For this upcoming Mother’s Day, PhilSTAR L!fe caught up with TV personality and host Pheomela Baranda on her journey as a single mom for 22 years, the challenges, and how she’s now raising baby Illya with her partner and daughter by her side.
The journey along the way
I had my first daughter Kim when I was 19 years old, which was 22 years ago. It’s been a long time since I first became a mom, and I can’t say that I was really that mentally prepared. Luckily, I had the aid of my mom when Kim was born, so she helped me a lot while I was the breadwinner.
I already explained the situation to Kim a long time ago, how I needed help raising her back then. We’re okay together now, but of course, it’s still a process—it’s a never-ending process for any relationship, and Kim and I are still getting to know each other even up to now. As she’s aged, her needs for her mom also shift along with her, so I make sure that I’m always there to be a best friend and a mother at the same time.
Co-Parenting 2 children
I’m very lucky to have a very supportive and hands-on dad of Illya, because the situation with Kim’s father was very different. With the dad of Kim, he also wanted to be involved at the time, but it was me and my mom’s choice not to continue the relationship because I was still young.
We both felt that I still had a lot to do, there was so much for me to explore in my career and everything. It turned out well that my mother and I raised Kim by ourselves because Kim turned out so well now.
When Kim turned 21, that when I asked her "do you wanna meet your dad?” She said “yes, of course.” So when Kim accepted, that was the only time I formally introduced her to her father. It was the first time they met and really got to know each other.
Kim is now 22, and it’s been more than a year of them catching up and really getting to know each other as father-daughter. Her dad and I are also friends now, he supports Kim and if Kim needs anything, we’re both there for her.
On becoming a mom again
Now, 22 years later, it’s another journey for me with baby Illya. I feel like it’s a new start and I can now say that I am more prepared—physically and mentally. It was really a lifestyle change for me since I’ve been living as a single mom for 22 years. But actually, since the pregnancy and the pandemic came together, I was able to rest and I was able to catch up with long long periods of sleep.
Mentally, I prepared by constantly reminding myself that this is my lifestyle now. I couldn’t drink wine anymore, I couldn’t go on diets nor see my friends to unwind. The exercise was also cut short since I couldn’t do the active exercises while pregnant. Overall, I had a lot of adjustments and preparations before and during this second pregnancy.
Actually, up to now, I’m still adjusting to this renewed life. I do feel like it did me much good though, I feel better and younger. My family says that I look blooming and my skin’s never been better. I think it’s really because of the self-love and self-care that I prioritized during the pregnancy.
As for my support system, I’m grateful that Kim and my partner are now by my side, they’re really my family. Illya’s dad is very supportive, very hands-on, and really stepping up as a father. So having this steady support group really helps in raising Illya.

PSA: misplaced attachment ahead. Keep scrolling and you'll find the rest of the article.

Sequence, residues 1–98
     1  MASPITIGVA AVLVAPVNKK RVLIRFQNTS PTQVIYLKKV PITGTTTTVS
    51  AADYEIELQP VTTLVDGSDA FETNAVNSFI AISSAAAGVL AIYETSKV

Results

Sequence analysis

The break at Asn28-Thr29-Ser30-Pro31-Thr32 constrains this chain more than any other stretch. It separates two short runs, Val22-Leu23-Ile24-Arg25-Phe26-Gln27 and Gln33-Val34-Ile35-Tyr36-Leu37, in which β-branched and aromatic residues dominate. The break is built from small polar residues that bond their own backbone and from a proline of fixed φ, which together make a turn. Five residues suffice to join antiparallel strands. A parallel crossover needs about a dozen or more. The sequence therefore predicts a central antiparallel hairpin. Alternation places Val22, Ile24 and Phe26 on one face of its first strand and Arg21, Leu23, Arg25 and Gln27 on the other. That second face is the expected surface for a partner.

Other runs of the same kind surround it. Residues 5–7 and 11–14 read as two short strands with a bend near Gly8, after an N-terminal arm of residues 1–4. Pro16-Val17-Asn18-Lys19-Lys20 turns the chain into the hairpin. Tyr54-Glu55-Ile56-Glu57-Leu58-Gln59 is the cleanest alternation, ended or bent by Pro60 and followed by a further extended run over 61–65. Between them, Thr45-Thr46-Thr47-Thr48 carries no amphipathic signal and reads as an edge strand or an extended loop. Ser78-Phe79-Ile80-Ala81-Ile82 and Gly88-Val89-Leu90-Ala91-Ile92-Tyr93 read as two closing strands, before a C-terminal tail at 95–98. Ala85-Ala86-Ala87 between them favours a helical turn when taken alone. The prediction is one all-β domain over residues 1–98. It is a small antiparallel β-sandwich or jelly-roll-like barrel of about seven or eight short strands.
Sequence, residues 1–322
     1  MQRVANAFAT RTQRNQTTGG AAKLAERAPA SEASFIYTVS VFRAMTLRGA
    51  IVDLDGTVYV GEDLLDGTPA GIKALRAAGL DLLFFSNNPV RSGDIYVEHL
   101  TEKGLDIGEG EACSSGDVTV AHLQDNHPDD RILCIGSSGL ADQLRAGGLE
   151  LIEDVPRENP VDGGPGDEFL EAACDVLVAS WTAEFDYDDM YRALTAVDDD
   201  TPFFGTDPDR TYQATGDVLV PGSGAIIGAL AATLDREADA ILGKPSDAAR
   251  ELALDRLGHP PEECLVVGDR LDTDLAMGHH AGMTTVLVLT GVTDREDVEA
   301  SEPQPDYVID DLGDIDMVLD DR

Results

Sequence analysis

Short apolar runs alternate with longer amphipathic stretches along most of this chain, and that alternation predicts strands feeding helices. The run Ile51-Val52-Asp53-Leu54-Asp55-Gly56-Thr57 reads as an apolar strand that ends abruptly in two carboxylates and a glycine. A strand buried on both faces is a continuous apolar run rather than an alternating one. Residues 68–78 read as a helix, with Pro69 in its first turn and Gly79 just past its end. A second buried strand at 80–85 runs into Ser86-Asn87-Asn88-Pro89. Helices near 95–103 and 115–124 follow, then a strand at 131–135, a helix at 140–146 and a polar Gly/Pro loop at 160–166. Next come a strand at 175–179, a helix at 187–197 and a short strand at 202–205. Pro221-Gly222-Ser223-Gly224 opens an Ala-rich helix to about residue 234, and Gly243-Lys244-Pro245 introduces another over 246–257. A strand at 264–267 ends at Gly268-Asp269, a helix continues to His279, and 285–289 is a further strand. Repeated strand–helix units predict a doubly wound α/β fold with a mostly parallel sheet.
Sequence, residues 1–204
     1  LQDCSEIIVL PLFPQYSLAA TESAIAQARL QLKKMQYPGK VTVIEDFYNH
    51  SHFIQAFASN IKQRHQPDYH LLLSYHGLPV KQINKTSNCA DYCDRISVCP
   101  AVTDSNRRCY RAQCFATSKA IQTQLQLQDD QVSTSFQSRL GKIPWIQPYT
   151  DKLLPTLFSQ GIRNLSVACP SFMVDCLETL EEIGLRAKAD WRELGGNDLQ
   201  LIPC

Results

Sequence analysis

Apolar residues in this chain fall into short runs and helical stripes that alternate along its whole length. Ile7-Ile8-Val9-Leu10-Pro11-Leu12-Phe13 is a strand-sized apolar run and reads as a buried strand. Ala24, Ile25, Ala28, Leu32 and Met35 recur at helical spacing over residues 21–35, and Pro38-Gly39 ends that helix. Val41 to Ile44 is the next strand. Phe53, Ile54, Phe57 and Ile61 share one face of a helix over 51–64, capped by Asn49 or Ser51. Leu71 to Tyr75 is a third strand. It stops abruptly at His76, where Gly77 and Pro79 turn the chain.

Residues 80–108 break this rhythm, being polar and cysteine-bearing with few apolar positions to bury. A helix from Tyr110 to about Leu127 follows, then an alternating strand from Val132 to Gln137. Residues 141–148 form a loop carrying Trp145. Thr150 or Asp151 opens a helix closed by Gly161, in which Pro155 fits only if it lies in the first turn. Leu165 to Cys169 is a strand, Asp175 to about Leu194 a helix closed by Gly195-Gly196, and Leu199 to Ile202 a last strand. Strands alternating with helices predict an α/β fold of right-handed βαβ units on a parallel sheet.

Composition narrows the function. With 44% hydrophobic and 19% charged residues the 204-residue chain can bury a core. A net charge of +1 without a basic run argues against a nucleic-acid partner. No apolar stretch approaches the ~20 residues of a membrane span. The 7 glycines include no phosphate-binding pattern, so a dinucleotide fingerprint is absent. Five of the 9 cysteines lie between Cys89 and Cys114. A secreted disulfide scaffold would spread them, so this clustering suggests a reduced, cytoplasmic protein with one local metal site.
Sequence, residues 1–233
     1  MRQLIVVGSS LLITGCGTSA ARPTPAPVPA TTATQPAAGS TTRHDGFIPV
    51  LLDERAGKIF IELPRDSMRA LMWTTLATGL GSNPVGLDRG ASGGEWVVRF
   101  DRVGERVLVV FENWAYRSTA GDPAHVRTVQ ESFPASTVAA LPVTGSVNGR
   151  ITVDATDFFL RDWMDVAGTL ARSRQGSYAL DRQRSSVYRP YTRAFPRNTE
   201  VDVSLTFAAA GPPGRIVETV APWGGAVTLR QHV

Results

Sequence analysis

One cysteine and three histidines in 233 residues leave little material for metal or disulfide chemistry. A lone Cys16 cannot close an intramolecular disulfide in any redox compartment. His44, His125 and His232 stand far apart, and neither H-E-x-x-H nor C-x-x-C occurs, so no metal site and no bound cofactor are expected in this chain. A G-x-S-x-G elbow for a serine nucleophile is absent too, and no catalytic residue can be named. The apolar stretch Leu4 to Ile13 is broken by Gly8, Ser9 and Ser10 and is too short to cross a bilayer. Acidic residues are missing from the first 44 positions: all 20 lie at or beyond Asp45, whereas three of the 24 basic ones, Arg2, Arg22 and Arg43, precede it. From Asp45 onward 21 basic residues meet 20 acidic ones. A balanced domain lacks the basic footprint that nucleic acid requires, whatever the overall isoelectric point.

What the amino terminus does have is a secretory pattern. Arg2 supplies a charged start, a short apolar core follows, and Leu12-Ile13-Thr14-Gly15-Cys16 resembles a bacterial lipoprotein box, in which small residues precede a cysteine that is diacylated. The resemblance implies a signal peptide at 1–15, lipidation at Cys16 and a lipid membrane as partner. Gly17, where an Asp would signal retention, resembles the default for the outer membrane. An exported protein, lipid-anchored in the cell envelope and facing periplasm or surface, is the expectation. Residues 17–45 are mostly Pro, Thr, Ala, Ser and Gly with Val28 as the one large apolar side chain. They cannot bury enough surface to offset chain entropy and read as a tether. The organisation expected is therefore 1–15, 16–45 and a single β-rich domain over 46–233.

Meanwhile, it’s a totally unique situation for Illya and her dad. Illya’s father and I live together in one home, so of course it’s different if the father is around. Though I do make sure that Kim feels that she’s part of this family because she really is.
Life is no race
There’s actually a study now that the age brackets that women get married or have babies get older. Way back then, the age bracket used to be when a woman was in her 20s or so, and then it became 30s. Now more and more women are starting out their motherhood journeys at 40—and that’s completely fine. Most of my friends, like Miriam Quiambao, are just getting pregnant or having their second child at 40 as well.
So this pressure to start a family immediately or follow a certain time frame in your life isn’t really something that you should impose or pressure onto yourself.
So this pressure to start a family immediately or follow a certain time frame in your life isn’t really something that you should impose or pressure onto yourself. Society now is much more open-minded, we think more progressively now. Women now are now much more career-oriented. So if you want to focus on work, or you can juggle your time between your career and your family, your timeframe is really up to you.
To other moms: don’t be too hard on yourself
Being a mom is a never-ending journey. For me, the journey starts the day you conceive because from then on you have to start nurturing your child. Then once they’re out in the world, you have to teach them all the good values as a mom. For me, seeing your kids being successful and good is the greatest achievement. That’s my goal as a mom, that’s my purpose now.
I just hope that with Illya, I can raise her well and see her become a good person. I’m proud that Kim is a nice kid and I’m proud of her. She supports me in my work endeavors and I support her back. Being a mom is a never-ending journey but it’s so fulfilling and I’m so happy to be their mom.
All moms deserve support and love. Being a mom is a 24/7 job, so we really have to reward ourselves and don’t be too hard on ourselves. I think what moms usually forget is how to reward themselves and enjoy life. That’s the one thing I feel right now, sometimes I’m being too hard on myself, but I know, like all moms out there, I’m doing my best.
The motherhood journey starts the day you conceive because from then on you have to start nurturing your child.